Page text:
New York’s St. John’s University recently opened a year-long exhibition showcasing the history of America’s oldest surviving free Black settlement, Sandy Ground, which is located in Staten Island’s Rossville community.
“Sandy Ground at St. John’s: Faces of the Underground Railroad” opened on April 12 and will run until Dec. 20 in the university’s refurbished Loretto Library Community Learning Commons. The exhibition explores the community’s detailed history through exhibits, art, literary readings, visiting lectures and workshops.
“With this public humanities initiative, we hope to bring young people of all ages, and other community residents as well, to our campus,” James O’Keefe, professor of criminal justice and vice provost of the Staten Island campus, said in a statement.
As the program traces the history of the Black settlement on Staten Island’s south shore, onlookers will learn about New York State’s abolished slavery law of 1827 and about the freed Blacks who purchased land in Sandy Ground and later used the town as an important stop on the Underground Railroad.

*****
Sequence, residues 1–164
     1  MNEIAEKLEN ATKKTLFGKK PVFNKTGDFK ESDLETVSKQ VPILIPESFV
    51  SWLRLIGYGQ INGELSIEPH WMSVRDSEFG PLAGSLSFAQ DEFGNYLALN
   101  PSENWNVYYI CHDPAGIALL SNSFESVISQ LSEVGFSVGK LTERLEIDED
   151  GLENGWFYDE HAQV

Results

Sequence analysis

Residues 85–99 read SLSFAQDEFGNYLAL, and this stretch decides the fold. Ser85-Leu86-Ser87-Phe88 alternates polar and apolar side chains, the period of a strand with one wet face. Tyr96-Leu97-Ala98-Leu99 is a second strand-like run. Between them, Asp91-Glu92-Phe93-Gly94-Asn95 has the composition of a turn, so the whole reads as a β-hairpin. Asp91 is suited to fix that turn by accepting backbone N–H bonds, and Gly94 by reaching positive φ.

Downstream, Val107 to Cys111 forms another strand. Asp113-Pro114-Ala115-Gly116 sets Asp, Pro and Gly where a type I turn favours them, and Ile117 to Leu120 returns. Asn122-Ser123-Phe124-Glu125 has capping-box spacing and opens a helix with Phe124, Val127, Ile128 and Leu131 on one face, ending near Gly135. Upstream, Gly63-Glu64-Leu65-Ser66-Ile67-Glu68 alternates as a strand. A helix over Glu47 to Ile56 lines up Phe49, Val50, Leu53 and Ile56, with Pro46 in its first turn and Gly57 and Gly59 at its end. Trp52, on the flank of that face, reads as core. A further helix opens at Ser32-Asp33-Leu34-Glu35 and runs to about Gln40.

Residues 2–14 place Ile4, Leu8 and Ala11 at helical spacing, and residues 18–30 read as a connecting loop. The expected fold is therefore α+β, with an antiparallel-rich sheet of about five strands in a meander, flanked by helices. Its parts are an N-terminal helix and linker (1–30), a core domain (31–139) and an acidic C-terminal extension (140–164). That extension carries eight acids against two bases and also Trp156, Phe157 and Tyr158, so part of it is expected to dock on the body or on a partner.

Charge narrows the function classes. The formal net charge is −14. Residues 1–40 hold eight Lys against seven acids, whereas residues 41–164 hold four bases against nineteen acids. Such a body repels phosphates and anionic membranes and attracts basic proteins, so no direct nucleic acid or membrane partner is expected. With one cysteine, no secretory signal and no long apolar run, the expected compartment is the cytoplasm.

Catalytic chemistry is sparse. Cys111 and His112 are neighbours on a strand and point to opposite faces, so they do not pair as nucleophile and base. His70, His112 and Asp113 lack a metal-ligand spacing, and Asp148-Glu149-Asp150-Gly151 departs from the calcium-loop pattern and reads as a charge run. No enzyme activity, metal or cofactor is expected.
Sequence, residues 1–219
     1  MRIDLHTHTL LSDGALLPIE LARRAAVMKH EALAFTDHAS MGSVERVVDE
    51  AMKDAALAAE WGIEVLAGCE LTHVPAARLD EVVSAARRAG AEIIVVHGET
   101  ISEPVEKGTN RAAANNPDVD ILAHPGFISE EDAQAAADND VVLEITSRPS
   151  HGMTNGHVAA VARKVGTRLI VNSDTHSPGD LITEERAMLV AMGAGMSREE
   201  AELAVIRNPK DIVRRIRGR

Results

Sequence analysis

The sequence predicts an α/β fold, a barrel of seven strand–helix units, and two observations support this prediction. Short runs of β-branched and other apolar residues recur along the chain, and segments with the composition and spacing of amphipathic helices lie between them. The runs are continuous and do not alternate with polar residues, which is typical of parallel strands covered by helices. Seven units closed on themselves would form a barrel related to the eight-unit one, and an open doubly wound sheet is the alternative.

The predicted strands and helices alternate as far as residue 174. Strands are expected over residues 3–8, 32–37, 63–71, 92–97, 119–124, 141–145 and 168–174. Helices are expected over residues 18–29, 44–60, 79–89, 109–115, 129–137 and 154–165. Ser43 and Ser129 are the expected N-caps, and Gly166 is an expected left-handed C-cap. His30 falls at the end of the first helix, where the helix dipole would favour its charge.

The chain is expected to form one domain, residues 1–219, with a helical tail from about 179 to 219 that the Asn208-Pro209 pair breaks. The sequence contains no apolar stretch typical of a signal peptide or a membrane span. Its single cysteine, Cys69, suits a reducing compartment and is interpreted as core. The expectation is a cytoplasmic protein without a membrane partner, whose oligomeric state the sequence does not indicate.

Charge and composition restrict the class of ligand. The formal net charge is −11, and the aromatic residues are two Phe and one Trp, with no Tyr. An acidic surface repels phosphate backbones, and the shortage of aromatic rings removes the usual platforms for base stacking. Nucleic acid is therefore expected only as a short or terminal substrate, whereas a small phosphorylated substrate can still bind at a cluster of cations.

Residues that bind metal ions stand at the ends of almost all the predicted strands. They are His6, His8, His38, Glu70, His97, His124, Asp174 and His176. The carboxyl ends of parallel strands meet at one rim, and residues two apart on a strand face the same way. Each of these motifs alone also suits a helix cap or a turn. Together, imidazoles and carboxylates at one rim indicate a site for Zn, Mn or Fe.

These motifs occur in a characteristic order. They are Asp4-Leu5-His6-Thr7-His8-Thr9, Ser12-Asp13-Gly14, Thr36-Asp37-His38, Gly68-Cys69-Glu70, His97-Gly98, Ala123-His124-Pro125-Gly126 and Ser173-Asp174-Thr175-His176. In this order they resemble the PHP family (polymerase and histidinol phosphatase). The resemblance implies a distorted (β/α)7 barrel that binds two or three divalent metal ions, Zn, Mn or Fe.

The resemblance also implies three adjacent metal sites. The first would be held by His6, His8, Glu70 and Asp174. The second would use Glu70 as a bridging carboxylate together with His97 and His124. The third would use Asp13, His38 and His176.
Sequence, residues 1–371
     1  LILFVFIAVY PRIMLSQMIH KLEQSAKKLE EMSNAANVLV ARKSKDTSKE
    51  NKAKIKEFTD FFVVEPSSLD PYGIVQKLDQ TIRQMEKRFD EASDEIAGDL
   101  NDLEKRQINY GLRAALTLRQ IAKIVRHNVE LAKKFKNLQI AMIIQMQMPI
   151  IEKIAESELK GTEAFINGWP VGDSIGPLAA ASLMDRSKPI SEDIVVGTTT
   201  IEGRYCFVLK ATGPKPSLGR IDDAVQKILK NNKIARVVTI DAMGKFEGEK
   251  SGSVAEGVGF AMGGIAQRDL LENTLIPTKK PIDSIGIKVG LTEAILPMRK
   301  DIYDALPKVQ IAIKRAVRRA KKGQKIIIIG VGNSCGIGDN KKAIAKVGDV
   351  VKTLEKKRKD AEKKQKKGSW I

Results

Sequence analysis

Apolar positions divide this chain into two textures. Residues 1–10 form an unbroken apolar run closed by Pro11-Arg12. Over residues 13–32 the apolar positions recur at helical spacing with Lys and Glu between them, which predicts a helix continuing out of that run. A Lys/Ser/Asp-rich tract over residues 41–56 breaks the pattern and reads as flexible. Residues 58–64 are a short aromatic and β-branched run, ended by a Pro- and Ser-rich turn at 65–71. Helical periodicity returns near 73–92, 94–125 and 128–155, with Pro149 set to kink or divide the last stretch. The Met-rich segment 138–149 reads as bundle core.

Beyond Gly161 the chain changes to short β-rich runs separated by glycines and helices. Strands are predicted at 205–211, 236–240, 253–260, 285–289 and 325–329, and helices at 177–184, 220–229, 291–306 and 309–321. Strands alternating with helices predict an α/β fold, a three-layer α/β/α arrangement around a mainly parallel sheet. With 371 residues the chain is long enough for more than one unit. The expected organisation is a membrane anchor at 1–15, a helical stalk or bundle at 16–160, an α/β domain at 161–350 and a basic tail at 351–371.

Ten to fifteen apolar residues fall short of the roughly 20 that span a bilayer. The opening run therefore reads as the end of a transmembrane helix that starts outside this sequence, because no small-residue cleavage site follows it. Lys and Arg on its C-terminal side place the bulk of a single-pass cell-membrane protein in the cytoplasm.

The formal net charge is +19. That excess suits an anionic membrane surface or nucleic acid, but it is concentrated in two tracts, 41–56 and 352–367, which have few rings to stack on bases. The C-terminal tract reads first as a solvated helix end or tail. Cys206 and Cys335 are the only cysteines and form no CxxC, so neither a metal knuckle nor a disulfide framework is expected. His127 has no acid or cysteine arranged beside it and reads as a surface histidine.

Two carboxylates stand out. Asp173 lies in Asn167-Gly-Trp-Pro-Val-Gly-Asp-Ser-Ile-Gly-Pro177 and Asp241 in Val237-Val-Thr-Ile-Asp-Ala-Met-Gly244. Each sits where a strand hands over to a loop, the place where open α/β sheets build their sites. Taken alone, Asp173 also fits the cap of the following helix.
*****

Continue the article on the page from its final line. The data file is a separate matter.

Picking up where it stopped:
Some historians are also reporting that a few Sandy Ground settlers may have also played a role in the founding of Liberia.
“I’m constantly researching information about my background,” said Mary Tarawally, a St. John’s student from West Africa, in a statement. “This wonderful exhibit is an opportunity to connect with a fascinating community that also sheds light on West African history.”
The New York City Council of the Humanities awarded the university an action grant to support its efforts—one of only seven cultural initiatives statewide to receive such funding.